The TAKE with Rick Klein
It may feel like a campaign -- or, at least, a pandemic-era one, with car rallies, masks and social-distancing protocols. What they're campaigning for is both an agenda and a way to open a path toward getting items on that list done.
But is the path of bipartisanship -- of getting significant or even any Republican support for the White House agenda -- really still open? Harris will be in deep-blue Baltimore on Thursday, with Biden in Georgia -- a state that, like Maryland, now has two Democratic senators.
"I just want to be clear: From my perspective, doing nothing is not an option," Biden said of infrastructure investments, in a line where he seemed to stray from his prepared text for emphasis.
To be even more clear, much, if not most of the Biden agenda does not even have unanimous Democratic support right now. Getting Republicans on board simply doesn't seem viable at the moment, and some Democrats would argue that was always going to be the case.
When Biden talks about growing government and raising taxes, he knows better than to think his Republican friends will warm to him. That takes the campaign well outside Congress -- to shaping public opinion, and showing that Biden is enough of a political force that his ideas should prevail.
The RUNDOWN with Averi Harper
Progressives had an answer to Biden's address via the Working Families Party, with remarks delivered by freshman Rep. Jamaal Bowman, D-N.Y.
"The proposals that President Biden has put forward over the last few weeks would represent important steps -- but don't go as big as we'd truly need in order to solve the crises of jobs, climate and care," said Bowman. "We need to think bigger."
The sentiment is a far cry from the eagerness to work across the aisle we've seen from the White House and could signal growing frustration in the progressive wing of the party with the pace Biden is moving on his agenda, an early warning of sorts for the president.
For Biden, who prior to his speech Wednesday night referred to the Democratic Party as "splintered," finding ways to appeal to his tent's most centrist and progressive members will continue to prove difficult.
The TIP with Alisa Wiersema
As Biden marks his 100th day in office, across the aisle, another vice president-turned-possible-presidential-contender will be marking a milestone of his own: Former Vice President Mike Pence will deliver his first public remarks since the end of the Trump administration in South Carolina Thursday.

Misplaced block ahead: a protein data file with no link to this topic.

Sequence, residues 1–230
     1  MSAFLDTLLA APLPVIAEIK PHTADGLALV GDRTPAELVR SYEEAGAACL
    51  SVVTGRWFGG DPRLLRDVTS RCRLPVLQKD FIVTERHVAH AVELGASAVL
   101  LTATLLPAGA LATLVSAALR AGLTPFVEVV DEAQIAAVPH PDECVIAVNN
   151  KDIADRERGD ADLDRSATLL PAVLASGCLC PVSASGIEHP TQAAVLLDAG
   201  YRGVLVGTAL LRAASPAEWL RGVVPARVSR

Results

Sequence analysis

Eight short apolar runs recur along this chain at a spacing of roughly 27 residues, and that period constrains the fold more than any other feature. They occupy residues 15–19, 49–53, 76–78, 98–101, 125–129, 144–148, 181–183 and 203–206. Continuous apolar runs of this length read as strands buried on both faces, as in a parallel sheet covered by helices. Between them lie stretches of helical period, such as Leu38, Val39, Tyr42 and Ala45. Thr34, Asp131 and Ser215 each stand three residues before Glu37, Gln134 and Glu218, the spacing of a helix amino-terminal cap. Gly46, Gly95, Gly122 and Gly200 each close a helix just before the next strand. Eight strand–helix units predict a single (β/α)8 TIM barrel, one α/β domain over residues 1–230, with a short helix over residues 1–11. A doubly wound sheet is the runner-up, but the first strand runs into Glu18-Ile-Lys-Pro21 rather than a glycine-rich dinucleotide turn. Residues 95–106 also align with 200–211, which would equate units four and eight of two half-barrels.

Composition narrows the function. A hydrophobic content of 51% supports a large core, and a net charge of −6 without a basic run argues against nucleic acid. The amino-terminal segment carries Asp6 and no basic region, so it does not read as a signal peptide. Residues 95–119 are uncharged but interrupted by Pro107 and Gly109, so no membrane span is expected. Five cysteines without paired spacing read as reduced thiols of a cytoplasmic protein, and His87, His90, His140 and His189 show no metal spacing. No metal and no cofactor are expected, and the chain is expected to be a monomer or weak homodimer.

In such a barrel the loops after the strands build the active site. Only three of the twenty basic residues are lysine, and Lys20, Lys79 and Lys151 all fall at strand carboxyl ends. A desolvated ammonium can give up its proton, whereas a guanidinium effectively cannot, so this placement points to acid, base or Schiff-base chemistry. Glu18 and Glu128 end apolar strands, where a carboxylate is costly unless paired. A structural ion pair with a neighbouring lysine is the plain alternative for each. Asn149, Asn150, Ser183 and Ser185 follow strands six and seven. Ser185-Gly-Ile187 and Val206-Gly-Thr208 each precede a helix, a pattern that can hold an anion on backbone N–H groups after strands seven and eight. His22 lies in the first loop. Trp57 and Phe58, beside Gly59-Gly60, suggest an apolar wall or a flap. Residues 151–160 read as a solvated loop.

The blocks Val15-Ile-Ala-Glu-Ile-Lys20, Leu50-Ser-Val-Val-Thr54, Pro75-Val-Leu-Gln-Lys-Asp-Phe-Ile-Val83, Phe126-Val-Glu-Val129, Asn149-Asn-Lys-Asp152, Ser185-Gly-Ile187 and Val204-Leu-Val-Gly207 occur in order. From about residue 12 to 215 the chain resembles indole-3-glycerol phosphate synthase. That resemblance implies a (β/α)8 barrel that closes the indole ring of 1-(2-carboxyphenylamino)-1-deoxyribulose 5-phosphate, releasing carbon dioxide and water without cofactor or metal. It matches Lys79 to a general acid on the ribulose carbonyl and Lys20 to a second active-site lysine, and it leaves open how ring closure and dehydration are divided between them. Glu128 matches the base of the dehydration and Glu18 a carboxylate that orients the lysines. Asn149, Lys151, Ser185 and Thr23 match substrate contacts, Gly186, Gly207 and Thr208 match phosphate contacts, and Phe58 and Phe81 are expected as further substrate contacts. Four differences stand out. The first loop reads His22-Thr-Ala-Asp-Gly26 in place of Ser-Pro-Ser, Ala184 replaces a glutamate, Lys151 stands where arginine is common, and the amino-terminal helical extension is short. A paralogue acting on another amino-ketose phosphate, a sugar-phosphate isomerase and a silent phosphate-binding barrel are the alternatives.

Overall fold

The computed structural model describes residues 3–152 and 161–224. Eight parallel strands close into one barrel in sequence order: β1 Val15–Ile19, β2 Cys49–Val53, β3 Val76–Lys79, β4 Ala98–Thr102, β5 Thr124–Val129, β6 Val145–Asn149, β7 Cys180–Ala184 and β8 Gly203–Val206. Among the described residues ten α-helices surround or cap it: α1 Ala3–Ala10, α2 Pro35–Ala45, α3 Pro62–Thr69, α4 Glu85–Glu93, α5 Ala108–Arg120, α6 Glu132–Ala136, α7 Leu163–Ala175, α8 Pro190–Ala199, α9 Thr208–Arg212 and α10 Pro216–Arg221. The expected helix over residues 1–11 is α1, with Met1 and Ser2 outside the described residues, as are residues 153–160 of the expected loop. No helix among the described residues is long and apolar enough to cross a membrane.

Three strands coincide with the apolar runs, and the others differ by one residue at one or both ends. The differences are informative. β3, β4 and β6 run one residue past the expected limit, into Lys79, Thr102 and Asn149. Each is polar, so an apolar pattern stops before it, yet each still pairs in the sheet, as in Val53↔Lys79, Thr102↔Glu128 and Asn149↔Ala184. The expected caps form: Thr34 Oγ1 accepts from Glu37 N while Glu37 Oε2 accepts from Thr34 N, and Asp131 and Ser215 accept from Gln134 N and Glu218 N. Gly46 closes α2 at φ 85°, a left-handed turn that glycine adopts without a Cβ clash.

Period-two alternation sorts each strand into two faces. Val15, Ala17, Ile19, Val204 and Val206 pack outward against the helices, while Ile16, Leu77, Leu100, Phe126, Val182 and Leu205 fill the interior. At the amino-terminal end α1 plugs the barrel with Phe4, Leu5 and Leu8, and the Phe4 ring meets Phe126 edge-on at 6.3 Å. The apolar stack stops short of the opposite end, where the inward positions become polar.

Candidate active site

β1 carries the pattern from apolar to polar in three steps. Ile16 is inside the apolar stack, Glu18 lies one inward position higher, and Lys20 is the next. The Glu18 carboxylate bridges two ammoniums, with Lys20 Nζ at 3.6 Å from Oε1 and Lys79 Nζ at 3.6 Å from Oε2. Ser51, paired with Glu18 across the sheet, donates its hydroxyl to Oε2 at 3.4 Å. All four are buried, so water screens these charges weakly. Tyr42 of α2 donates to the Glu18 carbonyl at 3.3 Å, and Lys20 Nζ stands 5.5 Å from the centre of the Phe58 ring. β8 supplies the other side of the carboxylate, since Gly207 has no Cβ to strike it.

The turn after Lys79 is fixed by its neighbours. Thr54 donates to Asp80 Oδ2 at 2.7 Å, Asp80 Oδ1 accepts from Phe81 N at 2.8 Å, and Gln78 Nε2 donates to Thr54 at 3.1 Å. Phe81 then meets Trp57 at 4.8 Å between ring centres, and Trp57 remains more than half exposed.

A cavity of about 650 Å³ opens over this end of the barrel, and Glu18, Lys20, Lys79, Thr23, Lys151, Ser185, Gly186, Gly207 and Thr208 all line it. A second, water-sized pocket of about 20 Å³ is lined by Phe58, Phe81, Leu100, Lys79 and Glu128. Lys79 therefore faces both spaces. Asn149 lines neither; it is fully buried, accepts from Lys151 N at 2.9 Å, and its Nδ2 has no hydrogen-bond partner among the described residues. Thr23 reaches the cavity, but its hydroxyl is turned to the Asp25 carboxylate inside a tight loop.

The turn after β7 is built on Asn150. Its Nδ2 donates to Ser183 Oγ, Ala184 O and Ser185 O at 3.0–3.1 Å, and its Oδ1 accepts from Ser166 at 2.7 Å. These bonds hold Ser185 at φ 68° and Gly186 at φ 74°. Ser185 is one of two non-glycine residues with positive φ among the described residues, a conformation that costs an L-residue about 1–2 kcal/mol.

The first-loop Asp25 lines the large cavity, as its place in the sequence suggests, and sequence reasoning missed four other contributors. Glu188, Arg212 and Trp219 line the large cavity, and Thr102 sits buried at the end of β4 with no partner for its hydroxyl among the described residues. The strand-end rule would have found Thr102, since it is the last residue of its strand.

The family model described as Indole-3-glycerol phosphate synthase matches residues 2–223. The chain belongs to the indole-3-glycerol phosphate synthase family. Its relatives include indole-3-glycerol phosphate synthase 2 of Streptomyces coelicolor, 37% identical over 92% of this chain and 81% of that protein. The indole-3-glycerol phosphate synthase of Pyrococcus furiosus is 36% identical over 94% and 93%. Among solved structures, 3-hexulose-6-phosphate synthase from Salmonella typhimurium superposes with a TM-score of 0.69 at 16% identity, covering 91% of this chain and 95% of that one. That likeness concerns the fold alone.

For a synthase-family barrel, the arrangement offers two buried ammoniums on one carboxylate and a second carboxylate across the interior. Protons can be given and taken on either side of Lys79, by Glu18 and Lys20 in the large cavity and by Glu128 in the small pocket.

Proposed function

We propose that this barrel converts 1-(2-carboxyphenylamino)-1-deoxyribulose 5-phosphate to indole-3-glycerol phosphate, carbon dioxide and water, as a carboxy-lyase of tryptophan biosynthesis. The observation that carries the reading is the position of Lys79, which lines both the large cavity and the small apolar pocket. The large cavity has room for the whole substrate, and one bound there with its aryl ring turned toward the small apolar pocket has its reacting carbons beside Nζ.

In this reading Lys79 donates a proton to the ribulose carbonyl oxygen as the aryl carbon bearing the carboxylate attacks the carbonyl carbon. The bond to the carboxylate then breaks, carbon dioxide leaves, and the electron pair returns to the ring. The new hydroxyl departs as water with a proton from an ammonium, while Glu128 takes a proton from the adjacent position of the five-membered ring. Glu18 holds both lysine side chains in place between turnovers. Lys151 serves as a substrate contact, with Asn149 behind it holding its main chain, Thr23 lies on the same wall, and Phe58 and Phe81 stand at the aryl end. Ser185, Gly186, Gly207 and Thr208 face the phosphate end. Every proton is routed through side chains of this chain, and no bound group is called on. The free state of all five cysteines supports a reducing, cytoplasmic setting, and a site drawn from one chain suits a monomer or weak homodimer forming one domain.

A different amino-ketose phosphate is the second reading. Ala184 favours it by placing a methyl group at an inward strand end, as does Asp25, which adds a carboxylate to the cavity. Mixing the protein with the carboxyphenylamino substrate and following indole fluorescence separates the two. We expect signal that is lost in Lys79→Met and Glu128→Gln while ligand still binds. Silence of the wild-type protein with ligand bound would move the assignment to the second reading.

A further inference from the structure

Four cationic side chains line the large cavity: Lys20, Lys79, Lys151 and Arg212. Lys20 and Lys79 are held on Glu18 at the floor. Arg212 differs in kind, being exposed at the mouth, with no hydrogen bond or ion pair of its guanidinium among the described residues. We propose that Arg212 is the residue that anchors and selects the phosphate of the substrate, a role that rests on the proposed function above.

Before speaking at an annual gala of the conservative Christian nonprofit organization, the Palmetto Family Council, Pence will also make two stops across one of the nation's most diverse early primary states. His office said Pence's remarks will "contrast the policy accomplishments of the Trump-Pence administration with the first 100 days of the Biden-Harris administration."
The move is not lost on Democrats, who plan to hold a virtual press briefing ahead of Pence's visit. State party Chairman Tray Robertson, Jr. and Democratic National Committee Chair Jaime Harrison -- a former 2020 South Carolina Senate candidate -- plan to discuss "how Republicans are openly attacking Americans' fundamental right to vote."
While the discussion of ballot box access has ongoing, national relevance, it also offers a preemptive strike against the former vice president's possible 2024 aspirations. In addition to this trip, Pence's reemergence in the national spotlight includes penning an autobiography that has a tentative 2023 release date.
ABC News' "Start Here" podcast. Thursday morning's episode features ABC News White House correspondent Karen Travers, who recaps President Joe Biden's first address to a joint session of Congress. ABC News Senior Investigative reporter Aaron Katersky tells us why Rudy Giuliani's home and office were raided by the FBI Wednesday. And ABC News Senior Foreign correspondent Ian Pannell joins us from Afghanistan, where things are uneasy ahead of the original May 1 deadline for U.S. troops to withdraw. http://apple.co/2HPocUL
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